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The Boss
LABOR, CAPITAL, AND HAGUE

By David Dayton McKean
This Web version, edited by GET NJ, COPYRIGHT 2003

Theodore Brandle was head of the ironworkers' union in Jersey City in the early days of the Hague regime. As his power grew he came to control the Central Labor Union and then the State Federation of Labor. He held organized labor in line for John W. Davis in the campaign of 1924, and the following year publicly announced his loyalty to Hague when he urged every wage-earner in the state to affiliate with the political organization. The labor vote that Brandle was able to command was often decisive in the election of Democratic governors.

While he was rising as a labor politician Brandle accumulated a considerable personal fortune. He owned or controlled a labor bank in Jersey City, a bonding company, Brandle- grant, and construction companies. As Mayor Hague said several years later in the C.I.O. case, Brandle was on both sides of industry. He made so much money that in 1932 he `paid the government $96,221 after pleading guilty to income tax evasion.' (Newark Evening News, April 7, 1938.) He was also sufficiently wealthy to lend $60,000 to Mayor Hague when his friend also got in trouble with the Collector of Internal Revenue.

The Newark Evening News once summarized Brandle's business-labor-political career as follows:

The power of the Brandle group of labor leaders grew stead- ily in the next five years [1926-1931]. So did stories about Brandle's connection with the Jersey City political machine. Some contractors talked about difficulty in getting specifications on public work without Brandle's approval, and suggested `cut backs' to campaign funds. When union men were involved in alleged assaults in Jersey City police could seldom be found in the neighborhood.

Reports that Hague felt that Brandle was taking in too much territory came out when the labor leader called a strike during work on the Jersey City Medical Center. Stories of sharp arguments leaked out, but Hague later gave assurances that `Teddy and I are as good friends as ever.' That was in 1931. (January 80, 1938.)

The time had come when Brandle was a dangerous rival to Hague; he had powerful support in the labor movement, and he had money. His strength was doubly dangerous because the economic depression, beginning in 1929, found the industries of Jersey City crushed by the great tax burden made necessary by the extent and size of the political machine; at the very time when there were the greatest demands upon the organization for jobs it was unable to obtain more tax money. Businesses were going bankrupt or leaving the area. To keep the political machine from collapse the process had to be arrested or reversed: no more industries must be driven out; new ones must be brought into Jersey City. Since the tax burden could not be lightened without reducing the public payroll, and since the payroll could not be permanently cut without affecting the organization seriously, there was nothing left for the Mayor to do but to offer employers freedom from labor troubles, which meant that they could reduce their costs by paying whatever wages they wished. A break with Brandle was inevitable.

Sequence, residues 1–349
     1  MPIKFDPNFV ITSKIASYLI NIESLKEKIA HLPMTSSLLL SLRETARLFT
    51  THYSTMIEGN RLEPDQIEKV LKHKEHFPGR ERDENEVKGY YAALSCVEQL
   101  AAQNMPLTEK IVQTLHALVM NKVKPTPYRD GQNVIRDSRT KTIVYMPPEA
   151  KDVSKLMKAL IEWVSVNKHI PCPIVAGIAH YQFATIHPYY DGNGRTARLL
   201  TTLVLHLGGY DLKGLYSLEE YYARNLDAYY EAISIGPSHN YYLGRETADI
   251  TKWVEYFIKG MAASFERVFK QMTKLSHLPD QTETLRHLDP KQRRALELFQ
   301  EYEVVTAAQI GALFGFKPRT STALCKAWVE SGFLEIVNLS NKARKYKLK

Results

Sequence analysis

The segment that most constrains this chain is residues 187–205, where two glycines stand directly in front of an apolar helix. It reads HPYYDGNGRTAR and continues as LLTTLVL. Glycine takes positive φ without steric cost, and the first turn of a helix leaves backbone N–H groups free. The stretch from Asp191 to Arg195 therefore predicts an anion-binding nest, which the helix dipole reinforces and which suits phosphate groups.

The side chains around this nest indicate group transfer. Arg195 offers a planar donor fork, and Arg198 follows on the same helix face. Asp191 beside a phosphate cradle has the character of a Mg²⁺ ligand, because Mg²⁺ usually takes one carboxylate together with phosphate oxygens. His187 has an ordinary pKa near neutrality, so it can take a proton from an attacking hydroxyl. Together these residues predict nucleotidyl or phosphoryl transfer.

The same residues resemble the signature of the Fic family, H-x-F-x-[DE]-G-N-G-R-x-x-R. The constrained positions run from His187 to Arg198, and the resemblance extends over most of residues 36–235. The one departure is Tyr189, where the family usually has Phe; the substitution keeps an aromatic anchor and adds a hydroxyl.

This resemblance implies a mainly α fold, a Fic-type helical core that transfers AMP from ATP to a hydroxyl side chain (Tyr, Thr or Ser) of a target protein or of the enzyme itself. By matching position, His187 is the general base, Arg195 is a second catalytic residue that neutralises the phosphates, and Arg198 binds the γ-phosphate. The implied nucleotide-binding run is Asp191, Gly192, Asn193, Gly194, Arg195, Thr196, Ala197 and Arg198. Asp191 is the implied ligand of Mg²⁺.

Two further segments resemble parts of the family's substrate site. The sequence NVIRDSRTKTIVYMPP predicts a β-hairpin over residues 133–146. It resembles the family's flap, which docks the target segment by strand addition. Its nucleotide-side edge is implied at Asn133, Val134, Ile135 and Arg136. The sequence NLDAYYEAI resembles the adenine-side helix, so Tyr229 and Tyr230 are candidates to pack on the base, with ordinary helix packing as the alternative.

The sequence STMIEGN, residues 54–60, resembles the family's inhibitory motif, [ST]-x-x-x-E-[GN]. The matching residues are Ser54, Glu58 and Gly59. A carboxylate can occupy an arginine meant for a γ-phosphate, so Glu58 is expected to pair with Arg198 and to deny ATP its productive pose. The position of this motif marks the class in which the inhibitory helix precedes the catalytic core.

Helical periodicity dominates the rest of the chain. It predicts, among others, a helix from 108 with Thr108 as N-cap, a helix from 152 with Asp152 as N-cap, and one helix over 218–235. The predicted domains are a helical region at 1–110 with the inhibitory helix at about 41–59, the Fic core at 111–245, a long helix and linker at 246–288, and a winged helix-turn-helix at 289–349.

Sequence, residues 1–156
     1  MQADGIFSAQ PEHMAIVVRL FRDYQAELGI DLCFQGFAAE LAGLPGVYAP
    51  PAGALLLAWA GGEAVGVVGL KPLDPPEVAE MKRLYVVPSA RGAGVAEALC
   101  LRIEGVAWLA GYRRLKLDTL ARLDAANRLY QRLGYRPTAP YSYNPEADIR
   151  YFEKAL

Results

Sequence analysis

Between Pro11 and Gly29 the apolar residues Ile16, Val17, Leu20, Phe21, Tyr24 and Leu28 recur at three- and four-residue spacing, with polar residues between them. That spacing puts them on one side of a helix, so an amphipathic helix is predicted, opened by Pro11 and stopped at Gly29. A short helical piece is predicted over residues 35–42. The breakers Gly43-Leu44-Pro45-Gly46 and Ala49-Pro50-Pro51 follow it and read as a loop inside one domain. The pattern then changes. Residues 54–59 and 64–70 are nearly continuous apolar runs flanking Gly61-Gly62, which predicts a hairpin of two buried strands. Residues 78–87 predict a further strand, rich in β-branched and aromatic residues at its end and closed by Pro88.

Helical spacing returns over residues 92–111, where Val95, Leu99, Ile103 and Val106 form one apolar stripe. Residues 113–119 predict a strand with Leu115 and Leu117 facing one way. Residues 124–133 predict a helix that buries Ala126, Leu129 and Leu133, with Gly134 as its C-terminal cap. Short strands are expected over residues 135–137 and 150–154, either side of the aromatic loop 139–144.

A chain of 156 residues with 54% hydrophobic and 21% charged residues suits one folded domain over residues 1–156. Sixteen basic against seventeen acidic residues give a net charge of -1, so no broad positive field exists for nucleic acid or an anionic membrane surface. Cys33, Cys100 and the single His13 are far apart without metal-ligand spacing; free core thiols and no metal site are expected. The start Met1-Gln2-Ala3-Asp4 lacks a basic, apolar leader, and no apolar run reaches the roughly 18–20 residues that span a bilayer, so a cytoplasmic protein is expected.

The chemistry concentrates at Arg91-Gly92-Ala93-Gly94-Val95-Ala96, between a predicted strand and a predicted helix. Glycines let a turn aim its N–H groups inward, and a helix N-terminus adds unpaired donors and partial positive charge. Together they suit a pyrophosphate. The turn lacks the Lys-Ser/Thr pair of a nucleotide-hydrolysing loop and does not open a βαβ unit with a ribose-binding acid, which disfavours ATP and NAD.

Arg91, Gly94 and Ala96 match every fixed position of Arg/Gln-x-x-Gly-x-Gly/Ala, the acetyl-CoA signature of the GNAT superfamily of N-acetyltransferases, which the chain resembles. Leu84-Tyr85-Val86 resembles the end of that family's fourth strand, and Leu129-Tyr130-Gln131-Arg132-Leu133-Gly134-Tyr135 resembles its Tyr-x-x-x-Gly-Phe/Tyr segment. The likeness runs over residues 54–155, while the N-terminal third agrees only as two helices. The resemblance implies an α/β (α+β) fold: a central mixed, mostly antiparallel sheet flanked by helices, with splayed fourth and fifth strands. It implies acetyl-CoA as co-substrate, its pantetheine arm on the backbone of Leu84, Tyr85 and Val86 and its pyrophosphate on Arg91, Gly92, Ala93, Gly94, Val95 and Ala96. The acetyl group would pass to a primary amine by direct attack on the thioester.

The break came over the use of non-union labor by the McClintic-Marshall Company in the construction of the elevated highway over the meadows known as the Pulaski Skyway. In the words of the Newark Evening News:

The contractors hired scores of guards to protect their openshop workmen. Brandle's men assembled in large groups, and there were pitched battles on the meadows and in Jersey City. One gang of twenty men set upon five of the contractors' workers in a Jersey City street and killed one of them.

That was the end of Hague's link with Brandle. The wraps were taken off the police, and a score of Brandle's men arrested. All were finally acquitted of murder, but not for lack of effort by Hague's officials to get a conviction.

Hague started a war upon `racketeer' labor leaders. His explanation for the sudden turn against Brandle and other union leaders who had been political allies was that he had never known about their tactics. He had just discovered after ten years' association with them, he said, that there was 'sabotage, double-dealing, brutality, terrorism, intimidation, exploitation, and gorilla-rule' connected with some of the Hudson County unions.

If there were any 'lead-pipe tactics' in the future, Hague warned, `we don't give our cops nightsticks for ornaments.' .. . he followed with a public assurance to employers that they would be given ample protection against labor racketeers.

The Jersey City police broke the strike. As Mayor Hague testified in the C.I.O. case, `We simply cleaned the place out. We didn't allow pickets, we didn't allow anything then.' (Transcript, p. 1172.) The strike ruined Brandle. His labor bank closed, and he spent the entire fortune he had accumulated on strike relief, on a private hospital he operated on Staten Island for injured strikers, and on legal fees in the defense of the strikers accused of murder.

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